Jesse Jackson's office calling. He's...


November 21, 1994|By THEO LIPPMAN JR.

THURSDAY MORNING: Jesse Jackson's office calling. He's coming to town to make a speech and wants to meet with the editorial board at 5 p.m.

That's Putting It Together time for the editorial pages, but three volunteers arrange to meet him.

Thursday afternoon at 5: Jesse Jackson's office calls back. He's stuck in traffic en route from Washington. Can we arrange a conference call? No problemo, I say.

Question: How many editorial writers does it take to link up a conference call? Answer: I don't know. Must be more than we have. We can't do it.

So I'm the designated interviewer on the phone here, with scribbled questions from my colleagues, and Jackson on his car phone heading north, responding, usually unresponsively. He has some points to make about injustice, and he doesn't let questions get in the way.

Half an hour into this, Jackson exclaims, "We're in front of your building! 501! We're coming in!" In sweep he and entourage. I'm the only available editorial writer now, but reporters Jim Bock and Mike Fletcher are on hand, so we have a meeting after all (later joined by edit writer Glenn McNatt).

So much for Journalism 101. Now for Political Science 400. Jackson won't discuss NAACP affairs, except to say he's not a candidate for executive director. As for that other train wreck of an institution he's associated with, the Democratic Party, well, verrrrry inter-resting.

He's angry that so few Democrats campaigned this year on the basis of the positive aspects of the party's record and for its "moral agenda." He himself did, on behalf of congressional candidates, including Sen. Charles Robb, who came back to "the base," at the end and won. Whereas Sen. Jim Sasser and Rep. Dave McCurdy, who positioned themselves as "New Democrats" lost.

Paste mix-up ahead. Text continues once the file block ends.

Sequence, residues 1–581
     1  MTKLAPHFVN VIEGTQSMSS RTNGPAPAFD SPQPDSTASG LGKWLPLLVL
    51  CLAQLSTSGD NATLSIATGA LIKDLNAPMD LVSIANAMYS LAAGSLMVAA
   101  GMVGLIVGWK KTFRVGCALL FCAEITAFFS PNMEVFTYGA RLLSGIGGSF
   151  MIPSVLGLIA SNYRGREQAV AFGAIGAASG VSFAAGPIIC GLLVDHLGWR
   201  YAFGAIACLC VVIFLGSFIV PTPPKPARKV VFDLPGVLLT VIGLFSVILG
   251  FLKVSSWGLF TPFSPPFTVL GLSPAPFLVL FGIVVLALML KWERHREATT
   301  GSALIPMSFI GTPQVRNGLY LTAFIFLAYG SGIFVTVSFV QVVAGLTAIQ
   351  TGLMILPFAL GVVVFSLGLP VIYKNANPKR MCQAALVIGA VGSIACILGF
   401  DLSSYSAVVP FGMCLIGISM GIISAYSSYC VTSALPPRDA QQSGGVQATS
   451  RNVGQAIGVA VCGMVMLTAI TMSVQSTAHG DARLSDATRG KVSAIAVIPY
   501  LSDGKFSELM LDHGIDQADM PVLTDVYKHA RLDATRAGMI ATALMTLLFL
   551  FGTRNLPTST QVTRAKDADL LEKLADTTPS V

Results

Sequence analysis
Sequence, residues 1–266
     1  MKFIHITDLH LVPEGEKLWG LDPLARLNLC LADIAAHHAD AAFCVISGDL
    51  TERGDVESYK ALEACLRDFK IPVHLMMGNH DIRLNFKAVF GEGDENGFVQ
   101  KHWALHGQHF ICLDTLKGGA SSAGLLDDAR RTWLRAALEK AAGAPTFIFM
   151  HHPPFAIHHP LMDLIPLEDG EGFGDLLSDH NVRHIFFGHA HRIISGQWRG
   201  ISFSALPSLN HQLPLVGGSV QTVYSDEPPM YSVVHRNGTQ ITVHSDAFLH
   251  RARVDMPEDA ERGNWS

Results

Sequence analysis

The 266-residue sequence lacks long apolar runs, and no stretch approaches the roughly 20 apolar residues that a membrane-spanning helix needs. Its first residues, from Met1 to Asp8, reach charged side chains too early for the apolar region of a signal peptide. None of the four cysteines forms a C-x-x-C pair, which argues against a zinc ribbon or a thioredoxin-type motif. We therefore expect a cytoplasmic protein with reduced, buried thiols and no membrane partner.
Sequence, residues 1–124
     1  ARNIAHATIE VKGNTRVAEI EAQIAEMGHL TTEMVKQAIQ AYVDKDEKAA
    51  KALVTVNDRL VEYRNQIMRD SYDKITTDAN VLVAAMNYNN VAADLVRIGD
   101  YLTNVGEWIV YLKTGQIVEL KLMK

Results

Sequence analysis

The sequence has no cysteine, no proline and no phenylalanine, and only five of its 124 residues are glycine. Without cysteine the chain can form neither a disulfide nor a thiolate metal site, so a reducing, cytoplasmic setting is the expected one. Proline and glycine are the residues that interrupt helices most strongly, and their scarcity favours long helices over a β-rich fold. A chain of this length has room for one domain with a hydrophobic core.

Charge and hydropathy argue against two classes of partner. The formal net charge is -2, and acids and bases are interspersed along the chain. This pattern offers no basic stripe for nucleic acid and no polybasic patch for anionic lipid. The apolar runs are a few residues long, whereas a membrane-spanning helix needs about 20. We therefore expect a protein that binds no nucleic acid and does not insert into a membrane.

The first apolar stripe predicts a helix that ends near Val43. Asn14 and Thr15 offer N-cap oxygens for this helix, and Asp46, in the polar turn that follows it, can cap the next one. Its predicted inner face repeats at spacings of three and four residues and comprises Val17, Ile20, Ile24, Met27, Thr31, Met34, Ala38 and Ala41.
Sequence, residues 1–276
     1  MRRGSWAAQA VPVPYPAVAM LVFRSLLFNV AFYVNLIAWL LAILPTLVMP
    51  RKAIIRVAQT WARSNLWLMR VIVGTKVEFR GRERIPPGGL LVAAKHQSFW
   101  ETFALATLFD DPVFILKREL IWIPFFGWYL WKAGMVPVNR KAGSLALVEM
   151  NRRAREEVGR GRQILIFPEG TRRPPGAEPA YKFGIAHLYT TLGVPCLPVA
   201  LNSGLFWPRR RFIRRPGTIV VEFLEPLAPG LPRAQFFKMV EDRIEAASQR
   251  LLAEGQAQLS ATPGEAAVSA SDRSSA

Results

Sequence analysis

Robb's problem, Jackson explains, exposed as he campaigned in black churches, is that he can't clap rhythmically. (When respected black political leaders can make jokes in public about the rhythm gap between whites and blacks, who says we aren't making progress in race relations?)

Is Bill Clinton, with or without rhythm, faithful to the moral agenda and loyal to the Democratic base?

"On certain days."

And if Clinton is having uncertain days in 1996? "I'll work for the agenda," he says, and he'll try to "inspire" and energize the base.

Meaning he'll oppose the president for the nomination? Or support another liberal who does? Not necessarily. There are those options, of course, he implies but does not say, but there's another option.

"More people are interested in an alternative to 'Democrat' and 'Republican.' If both parties are for three strikes, if both parties are positioning themselves to be conservative, people will turn to independent candidates. Whether this matures into a third party remains to be seen.

"We [meaning he] are evaluating all options."

Baltimore Sun Articles
Please note the green-lined linked article text has been applied commercially without any involvement from our newsroom editors, reporters or any other editorial staff.